Some NATO states, and others, are having national conversations about their relationship with nuclear weapons. This is another impact of the TPNW: The treaty process has renegotiated the boundaries of how we talk about nuclear weapons. Three conferences hosted by Norway, Mexico, and Austria in the lead-up to the nuclear-ban negotiations provided the space for governments, international organizations, and activists to build the case for prohibiting weapons that cause indiscriminate harm to civilians, civilian infrastructure, and the environment. Framing the issue this way helped undermine the dominance of theories of deterrence and security. It has also meant that new perspectives and voices are being heard. Representatives of some Pacific-island or Caribbean nations are speaking out against nuclear-armed countries, some of which have tested bombs on their territories and their peoples. The new discourse has contextualized—and problematized—the nuclear-armed states’ claims to power and authority against broader concerns about colonial legacy, racial justice, indiscriminate violence, sustainable development, economic justice, gender equality, and more.

Those behind the treaty are challenging the idea that nuclear weapons provide security and thus reduce and eliminate the perceived value of nuclear weapons, decrease economic incentives for nuclear-weapon production by cutting into financial support, and convince allies of nuclear-armed state to reject nuclear weapons in their collective security doctrines by making it a public-policy issue. The ban has been successful in raising public awareness and debate, encouraging divestment from nuclear-weapon production, and disrupting the dominant narrative on nuclear weapons.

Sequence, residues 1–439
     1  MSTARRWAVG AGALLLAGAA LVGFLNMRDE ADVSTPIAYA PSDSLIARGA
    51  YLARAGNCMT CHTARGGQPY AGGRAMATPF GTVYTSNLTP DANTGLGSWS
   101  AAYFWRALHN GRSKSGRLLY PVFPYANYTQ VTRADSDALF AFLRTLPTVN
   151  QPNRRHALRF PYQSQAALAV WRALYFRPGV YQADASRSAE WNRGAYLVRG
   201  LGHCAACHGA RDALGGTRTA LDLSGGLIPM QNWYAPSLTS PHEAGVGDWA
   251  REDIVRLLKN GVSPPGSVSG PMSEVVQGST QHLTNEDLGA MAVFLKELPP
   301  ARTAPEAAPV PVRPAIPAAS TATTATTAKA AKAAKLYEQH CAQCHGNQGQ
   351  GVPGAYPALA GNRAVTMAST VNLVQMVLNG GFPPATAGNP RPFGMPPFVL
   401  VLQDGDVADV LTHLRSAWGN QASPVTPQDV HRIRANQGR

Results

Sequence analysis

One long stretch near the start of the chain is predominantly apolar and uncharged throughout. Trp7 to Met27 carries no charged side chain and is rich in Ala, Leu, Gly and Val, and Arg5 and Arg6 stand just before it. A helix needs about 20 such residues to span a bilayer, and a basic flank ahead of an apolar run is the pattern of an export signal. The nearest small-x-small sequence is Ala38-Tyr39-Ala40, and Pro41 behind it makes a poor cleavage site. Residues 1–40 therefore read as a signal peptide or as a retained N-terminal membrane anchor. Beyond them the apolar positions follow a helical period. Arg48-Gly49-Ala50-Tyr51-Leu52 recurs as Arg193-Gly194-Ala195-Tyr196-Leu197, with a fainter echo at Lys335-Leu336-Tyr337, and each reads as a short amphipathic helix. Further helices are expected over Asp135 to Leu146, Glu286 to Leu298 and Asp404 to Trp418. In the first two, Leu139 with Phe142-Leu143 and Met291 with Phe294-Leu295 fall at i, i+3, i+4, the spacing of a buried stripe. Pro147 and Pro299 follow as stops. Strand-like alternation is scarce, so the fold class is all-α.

To those who say the nuclear ban is not effective, or that it has had a negative impact on international relations, I say, this treaty is what we make of it. It was an honest effort to change the world, but it is up to all of us who truly desire the abolition of nuclear weapons, who want to see a safer, more secure world based on equity and respect, to take this treaty and make it work for us. As Setsuko Thurlow said in her heartfelt speech on July 7 last year, “To the leaders of countries across the world, I beseech you, if you love this planet, you will sign this treaty!”